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Hoffmann, R. A wiki for the life sciences where authorship matters. Nature Genetics (2008)

Saturated, but Not Unsaturated, Fatty Acids Induce Apoptosis of Human Coronary Artery Endothelial Cells via Nuclear Factor-{kappa}B Activation.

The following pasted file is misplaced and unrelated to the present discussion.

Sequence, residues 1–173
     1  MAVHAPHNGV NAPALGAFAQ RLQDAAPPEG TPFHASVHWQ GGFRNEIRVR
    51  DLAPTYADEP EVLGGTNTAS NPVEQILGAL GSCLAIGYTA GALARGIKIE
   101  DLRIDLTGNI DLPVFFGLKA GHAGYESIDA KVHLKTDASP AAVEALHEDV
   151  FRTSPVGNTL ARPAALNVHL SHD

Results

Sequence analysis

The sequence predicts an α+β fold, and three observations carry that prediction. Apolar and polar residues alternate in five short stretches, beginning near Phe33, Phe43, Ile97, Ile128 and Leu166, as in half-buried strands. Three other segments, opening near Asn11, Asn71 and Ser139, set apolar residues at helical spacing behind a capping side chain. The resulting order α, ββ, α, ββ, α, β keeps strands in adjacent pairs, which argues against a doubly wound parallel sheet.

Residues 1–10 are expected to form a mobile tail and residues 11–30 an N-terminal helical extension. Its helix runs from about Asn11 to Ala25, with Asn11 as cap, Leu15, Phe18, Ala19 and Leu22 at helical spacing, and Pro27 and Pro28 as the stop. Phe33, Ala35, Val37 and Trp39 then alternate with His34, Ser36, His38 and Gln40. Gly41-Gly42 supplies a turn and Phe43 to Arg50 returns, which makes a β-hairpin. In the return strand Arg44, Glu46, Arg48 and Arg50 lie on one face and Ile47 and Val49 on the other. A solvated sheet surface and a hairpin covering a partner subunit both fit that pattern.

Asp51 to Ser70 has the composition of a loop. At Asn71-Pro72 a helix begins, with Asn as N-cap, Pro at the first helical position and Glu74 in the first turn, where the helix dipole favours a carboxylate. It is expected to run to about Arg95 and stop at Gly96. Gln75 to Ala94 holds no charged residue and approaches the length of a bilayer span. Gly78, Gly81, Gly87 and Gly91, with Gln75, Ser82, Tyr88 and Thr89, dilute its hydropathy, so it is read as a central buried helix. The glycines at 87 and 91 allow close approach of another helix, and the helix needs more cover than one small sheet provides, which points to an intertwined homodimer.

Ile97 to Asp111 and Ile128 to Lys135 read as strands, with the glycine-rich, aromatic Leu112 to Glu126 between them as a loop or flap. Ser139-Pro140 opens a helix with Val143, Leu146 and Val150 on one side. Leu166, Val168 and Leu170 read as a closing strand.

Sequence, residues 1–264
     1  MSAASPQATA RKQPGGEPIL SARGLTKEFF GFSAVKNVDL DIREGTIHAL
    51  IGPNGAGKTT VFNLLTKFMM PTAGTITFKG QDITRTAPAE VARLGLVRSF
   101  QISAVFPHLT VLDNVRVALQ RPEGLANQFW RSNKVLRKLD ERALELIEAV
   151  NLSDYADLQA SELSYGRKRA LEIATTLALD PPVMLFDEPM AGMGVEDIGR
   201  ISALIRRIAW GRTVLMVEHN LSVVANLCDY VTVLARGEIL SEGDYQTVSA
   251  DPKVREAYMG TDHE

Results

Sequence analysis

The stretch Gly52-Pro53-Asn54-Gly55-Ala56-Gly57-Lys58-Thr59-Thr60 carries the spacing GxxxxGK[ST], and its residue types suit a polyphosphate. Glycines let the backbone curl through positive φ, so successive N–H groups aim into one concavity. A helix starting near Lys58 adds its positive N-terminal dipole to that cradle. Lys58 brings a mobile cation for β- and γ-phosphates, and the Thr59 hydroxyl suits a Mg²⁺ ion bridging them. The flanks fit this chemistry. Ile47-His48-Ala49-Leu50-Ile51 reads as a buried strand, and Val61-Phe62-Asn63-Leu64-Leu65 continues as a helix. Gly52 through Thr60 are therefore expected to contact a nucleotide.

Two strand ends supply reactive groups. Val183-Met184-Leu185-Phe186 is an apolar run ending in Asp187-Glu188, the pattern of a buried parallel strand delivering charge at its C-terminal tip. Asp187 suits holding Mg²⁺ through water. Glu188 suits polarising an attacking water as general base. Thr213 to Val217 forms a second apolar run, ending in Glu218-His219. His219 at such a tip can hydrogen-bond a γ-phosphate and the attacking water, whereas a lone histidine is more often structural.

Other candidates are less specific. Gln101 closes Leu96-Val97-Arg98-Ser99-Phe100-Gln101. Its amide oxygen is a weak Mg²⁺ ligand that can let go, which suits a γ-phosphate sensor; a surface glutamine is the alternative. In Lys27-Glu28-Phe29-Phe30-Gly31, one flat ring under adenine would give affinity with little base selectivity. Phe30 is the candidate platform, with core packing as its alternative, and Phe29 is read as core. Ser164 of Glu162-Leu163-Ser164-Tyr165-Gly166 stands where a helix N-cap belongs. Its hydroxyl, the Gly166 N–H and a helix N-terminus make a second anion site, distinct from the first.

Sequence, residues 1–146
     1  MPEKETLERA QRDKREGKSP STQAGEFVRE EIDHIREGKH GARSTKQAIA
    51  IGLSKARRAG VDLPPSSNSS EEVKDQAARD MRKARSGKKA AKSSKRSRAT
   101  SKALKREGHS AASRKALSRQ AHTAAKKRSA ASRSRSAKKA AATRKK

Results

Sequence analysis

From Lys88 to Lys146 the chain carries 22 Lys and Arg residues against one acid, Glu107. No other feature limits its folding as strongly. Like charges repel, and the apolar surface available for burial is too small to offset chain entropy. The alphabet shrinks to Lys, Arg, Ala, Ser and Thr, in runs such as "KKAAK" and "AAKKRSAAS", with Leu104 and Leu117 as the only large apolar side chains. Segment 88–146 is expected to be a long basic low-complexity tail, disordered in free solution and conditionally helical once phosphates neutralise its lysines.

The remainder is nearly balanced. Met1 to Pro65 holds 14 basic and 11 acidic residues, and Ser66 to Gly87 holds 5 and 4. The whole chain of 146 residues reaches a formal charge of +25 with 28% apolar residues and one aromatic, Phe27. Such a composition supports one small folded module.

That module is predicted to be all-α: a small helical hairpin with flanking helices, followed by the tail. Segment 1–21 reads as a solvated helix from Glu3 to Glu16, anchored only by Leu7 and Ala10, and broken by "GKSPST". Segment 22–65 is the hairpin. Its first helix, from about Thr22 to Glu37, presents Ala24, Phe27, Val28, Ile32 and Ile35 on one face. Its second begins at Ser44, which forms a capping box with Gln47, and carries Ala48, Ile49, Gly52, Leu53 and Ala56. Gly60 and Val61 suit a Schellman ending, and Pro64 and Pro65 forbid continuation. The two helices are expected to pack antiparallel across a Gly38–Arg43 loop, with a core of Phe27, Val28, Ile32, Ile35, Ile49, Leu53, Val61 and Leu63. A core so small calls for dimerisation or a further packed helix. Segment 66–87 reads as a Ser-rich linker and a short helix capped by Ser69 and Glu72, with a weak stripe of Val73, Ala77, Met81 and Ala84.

High nonesterified fatty acid (NEFA) concentrations, as observed in the metabolic syndrome, trigger apoptosis of human umbilical vein endothelial cells. Since endothelial apoptosis may contribute to atherothrombosis, we studied the apoptotic susceptibility of human coronary artery endothelial cells (HCAECs) toward selected NEFAs and the underlying mechanisms. HCAECs were treated with single or combined NEFAs. Apoptosis was quantified by flow cytometry, nuclear factor kappaB (NFkappaB) activation by electrophoretic mobility shift assay, and secreted cytokines by enzyme-linked immunosorbent assay. Treatment of HCAECs with saturated NEFAs (palmitate and stearate) increased apoptosis up to fivefold (P < 0.05; n = 4). Unsaturated NEFAs (palmitoleate, oleate, and linoleate) did not promote apoptosis but prevented stearate-induced apoptosis (P < 0.05; n = 4). Saturated NEFA-induced apoptosis neither depended on ceramide formation nor on oxidative NEFA catabolism. However, NEFA activation via acyl-CoA formation was essential. Stearate activated NFkappaB and linoleate impaired stearate-induced NFkappaB activation. Pharmacological inhibition of NFkappaB and inhibitor of kappaB kinase ( IKK) also blocked stearate-induced apoptosis. Finally, the saturated NEFA effect on NFkappaB was not attributable to NEFA-induced cytokine production. In conclusion, NEFAs display differential effects on HCAEC survival; saturated NEFAs (palmitate and stearate) are proapoptotic, and unsaturated NEFAs (palmitoleate, oleate, and linoleate) are antilipoapoptotic. Mechanistically, promotion of HCAEC apoptosis by saturated NEFA requires acyl-CoA formation, IKK, and NFkappaB activation.[1]


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